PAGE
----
One of the funniest memories I have of my son is when he was in the first grade he had accumulated (of all things) a collection of dead batteries!
Every kid always packs their dearest treasures to school for “Show and Tell.” No matter how we coerced or cajoled, he insisted on taking his entire collection to school. (I guess he thought the other kids would get a charge out of his battery collection.) At the end of the day, his mother was prepared to offer encouragement and comfort as she was certain he would endure the worst manner of ridicule at the hands of his classmates. “You were wrong!” he exclaimed, “They loved it!”
Every disaster preparedness list shows the need to stock up on batteries. Whether it’s a tree down across a power line, or widespread regional destruction, the first thing to go is usually the electricity. Then your priority is to re-establish lighting. Batteries are like duct tape and nylon zip ties, you can never have too many.
Raising two grandsons puts a constant drain on my battery supply, but I know what to keep in stock and I make sure my battery inventory stays charged up. (Sorry.) While some folks still rely on candles, hurricane lanterns and the occasional Aladdin lantern, F.E.M.A. and the Red Cross both urge the use of battery powered lighting to minimize fire danger.
Check your battery inventory, whether AAAs, AAs, Cs, Ds or 9-volt, you should have a good stock of the various sizes on hand. Especially if you have kids in the house and they frequently need to resupply the remote control unit on their radio controlled dune buggy.
Somewhere I heard that you can slow the discharge rate of stored batteries by placing them in the freezer. The following is reportedly the results of a study conducted by Consumer Report:s “Consumer Reports magazine took exactly 432 AA, C and D batteries. They stored some in the refrigerator, and some at room temperatures. At the end of five years they found that indeed the refrigerated batteries had more charge, but not by much. The room temperature batteries still had 96 percent of the charge of the refrigerated ones.”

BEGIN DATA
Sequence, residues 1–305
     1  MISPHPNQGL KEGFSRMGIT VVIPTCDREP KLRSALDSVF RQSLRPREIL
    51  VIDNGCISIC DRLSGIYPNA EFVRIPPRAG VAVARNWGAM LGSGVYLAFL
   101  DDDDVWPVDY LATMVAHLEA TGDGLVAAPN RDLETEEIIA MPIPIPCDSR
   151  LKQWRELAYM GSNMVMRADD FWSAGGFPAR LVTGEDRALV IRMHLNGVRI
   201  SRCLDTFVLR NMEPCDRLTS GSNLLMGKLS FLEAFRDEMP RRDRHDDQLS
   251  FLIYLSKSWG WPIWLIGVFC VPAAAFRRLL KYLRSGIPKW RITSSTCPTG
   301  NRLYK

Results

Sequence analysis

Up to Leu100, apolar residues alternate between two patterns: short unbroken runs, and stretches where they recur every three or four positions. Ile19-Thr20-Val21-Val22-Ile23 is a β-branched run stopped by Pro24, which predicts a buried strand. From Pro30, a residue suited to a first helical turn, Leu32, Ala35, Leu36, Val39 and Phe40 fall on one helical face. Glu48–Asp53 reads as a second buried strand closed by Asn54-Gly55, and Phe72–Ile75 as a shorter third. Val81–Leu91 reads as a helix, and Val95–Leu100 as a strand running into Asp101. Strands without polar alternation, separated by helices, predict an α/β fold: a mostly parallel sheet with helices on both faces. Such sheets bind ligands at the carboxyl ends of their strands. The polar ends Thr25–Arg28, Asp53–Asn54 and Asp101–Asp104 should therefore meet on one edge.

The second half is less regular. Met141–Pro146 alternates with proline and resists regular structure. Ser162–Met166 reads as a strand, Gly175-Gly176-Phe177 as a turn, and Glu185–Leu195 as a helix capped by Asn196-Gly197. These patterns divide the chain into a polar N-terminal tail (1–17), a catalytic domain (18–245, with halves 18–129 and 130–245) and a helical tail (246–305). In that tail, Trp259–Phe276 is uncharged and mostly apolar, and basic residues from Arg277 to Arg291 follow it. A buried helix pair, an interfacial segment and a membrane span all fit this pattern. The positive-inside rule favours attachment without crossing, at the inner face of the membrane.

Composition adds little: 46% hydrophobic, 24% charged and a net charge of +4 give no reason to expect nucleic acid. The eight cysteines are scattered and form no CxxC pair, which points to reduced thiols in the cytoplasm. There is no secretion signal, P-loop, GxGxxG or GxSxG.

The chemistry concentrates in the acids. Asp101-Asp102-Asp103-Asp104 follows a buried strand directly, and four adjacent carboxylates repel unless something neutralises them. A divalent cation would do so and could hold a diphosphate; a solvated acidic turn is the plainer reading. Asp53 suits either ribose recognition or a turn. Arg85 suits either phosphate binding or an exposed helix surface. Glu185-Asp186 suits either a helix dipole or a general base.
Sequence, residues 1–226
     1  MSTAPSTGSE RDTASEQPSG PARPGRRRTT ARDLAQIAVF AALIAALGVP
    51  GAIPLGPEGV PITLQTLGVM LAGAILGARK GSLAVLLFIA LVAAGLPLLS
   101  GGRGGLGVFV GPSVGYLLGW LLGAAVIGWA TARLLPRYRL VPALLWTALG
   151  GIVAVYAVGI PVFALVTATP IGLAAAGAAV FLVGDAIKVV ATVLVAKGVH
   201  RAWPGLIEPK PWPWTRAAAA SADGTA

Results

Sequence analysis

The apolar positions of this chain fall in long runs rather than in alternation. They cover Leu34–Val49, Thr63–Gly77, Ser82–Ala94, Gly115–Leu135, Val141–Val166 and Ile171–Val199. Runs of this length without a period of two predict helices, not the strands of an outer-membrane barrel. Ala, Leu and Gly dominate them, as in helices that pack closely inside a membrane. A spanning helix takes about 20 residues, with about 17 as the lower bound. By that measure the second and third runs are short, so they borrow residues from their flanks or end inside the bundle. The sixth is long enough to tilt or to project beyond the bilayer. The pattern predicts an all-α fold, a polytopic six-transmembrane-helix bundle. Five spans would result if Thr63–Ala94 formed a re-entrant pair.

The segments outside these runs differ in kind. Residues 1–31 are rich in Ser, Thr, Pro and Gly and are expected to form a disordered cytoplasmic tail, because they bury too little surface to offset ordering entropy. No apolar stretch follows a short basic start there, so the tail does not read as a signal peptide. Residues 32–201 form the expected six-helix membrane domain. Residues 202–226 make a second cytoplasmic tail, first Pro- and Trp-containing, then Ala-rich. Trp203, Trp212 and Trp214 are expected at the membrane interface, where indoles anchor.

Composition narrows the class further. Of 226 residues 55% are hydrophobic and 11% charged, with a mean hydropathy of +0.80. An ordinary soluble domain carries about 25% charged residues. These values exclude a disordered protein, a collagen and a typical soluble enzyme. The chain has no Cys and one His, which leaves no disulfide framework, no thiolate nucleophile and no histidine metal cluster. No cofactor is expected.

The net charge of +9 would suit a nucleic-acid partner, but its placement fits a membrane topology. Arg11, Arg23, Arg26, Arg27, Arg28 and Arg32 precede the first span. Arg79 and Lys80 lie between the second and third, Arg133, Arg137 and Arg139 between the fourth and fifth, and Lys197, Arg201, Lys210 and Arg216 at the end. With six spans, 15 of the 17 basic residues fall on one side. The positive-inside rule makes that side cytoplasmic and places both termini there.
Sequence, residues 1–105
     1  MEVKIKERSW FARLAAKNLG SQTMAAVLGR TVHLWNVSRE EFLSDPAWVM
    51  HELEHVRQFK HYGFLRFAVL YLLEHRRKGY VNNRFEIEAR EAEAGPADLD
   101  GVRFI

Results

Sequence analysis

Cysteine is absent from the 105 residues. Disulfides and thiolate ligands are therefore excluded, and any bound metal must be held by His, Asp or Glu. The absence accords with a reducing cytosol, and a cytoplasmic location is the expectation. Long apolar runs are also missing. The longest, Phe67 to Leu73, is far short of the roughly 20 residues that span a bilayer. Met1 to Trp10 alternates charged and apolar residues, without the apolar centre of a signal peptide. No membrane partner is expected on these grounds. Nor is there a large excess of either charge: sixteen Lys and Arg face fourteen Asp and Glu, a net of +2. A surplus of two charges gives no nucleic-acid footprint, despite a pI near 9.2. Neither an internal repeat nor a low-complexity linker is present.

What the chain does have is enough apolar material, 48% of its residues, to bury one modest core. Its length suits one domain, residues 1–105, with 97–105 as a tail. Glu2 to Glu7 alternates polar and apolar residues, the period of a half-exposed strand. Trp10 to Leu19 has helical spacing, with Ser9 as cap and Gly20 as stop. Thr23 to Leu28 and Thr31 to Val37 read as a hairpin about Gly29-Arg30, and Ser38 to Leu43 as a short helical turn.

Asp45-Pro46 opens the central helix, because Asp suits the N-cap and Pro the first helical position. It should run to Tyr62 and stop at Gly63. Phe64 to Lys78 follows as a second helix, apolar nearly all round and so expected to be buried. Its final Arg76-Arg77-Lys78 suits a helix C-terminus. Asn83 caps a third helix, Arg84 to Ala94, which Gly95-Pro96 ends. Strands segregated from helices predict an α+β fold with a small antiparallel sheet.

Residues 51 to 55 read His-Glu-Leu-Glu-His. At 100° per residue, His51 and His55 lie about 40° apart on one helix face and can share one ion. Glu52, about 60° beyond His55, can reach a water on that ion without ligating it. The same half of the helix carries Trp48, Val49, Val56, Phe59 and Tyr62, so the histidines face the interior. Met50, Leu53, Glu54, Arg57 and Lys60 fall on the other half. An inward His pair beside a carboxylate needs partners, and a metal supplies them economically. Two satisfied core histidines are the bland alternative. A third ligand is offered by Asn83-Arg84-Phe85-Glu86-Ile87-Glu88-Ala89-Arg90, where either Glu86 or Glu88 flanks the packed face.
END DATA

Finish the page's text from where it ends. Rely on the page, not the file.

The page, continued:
Duracell says: “Do not refrigerate DURACELL Batteries. This will not make them last longer. Most DURACELL Batteries will provide dependable long life even after 5 years of storage in these conditions.”
And finally Energizer says: “Storing batteries in refrigerators or freezers is not required or recommended for batteries produced today. In fact, cold temperature storage can harm batteries. To maximize performance and shelf life, store batteries at normal room temperatures with moderate humidity levels.”
Lots of folks are turning to rechargeable batteries. While they are a bit more expensive to start with, you can extend your investment by adding a solar charger and then if the power is out for a lengthy period, you’re set.
So before there’s a power outage, pick up a few new batteries, maybe a rechargeable lantern if you find one on sale and you’re set for that winter storm.
One word of caution about rechargeable gear. Those batteries need exercise. If you take it home and plug it in and and leave it for a long period, it will ruin the battery. Then when you need it, it won’t work. I have learned this the hard way, having replaced the batteries in three pieces of rechargeable gear.
As always send your comments and questions to firstname.lastname@example.org. Previous columns can be found on my blog at www.disasterprepdave.blogspot.com. Dave Robinson is the Postmaster in Bandon, Oregon, and the author of “Disaster Prep For The Rest Of Us.”